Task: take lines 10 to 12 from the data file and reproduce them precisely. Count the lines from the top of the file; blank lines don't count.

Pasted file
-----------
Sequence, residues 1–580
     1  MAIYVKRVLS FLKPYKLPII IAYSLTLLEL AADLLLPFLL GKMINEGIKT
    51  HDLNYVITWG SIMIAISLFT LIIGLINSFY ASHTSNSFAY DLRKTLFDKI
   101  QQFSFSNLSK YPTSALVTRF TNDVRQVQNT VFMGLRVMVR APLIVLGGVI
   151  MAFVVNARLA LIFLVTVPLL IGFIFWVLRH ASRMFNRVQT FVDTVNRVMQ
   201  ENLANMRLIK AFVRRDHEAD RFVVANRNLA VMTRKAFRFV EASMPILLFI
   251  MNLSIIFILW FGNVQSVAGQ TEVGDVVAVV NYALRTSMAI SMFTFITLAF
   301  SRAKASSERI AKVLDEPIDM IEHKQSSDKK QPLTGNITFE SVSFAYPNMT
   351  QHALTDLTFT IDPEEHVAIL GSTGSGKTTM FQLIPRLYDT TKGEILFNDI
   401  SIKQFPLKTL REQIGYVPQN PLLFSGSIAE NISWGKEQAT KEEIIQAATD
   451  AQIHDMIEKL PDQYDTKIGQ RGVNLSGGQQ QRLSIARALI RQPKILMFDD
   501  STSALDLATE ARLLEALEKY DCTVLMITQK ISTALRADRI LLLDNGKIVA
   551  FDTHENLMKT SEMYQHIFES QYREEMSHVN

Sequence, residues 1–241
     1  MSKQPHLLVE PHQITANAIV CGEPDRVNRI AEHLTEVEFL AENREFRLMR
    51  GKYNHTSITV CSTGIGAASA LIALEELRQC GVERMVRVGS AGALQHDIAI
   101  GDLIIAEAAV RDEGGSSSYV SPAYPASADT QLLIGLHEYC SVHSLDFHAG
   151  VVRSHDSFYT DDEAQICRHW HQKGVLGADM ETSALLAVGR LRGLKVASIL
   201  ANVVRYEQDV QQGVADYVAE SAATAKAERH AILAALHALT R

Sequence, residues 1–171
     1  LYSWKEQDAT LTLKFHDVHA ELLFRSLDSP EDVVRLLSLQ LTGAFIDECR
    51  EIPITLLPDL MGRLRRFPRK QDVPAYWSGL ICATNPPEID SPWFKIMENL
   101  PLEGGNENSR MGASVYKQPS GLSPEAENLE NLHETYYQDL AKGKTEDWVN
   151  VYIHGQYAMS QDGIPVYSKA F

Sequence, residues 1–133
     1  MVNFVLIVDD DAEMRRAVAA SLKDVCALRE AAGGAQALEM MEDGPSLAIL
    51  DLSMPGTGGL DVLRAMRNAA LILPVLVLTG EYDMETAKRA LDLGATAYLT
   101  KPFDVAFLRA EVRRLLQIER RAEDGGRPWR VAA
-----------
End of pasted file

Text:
   401  SIKQFPLKTL REQIGYVPQN PLLFSGSIAE NISWGKEQAT KEEIIQAATD
   451  AQIHDMIEKL PDQYDTKIGQ RGVNLSGGQQ QRLSIARALI RQPKILMFDD
   501  STSALDLATE ARLLEALEKY DCTVLMITQK ISTALRADRI LLLDNGKIVA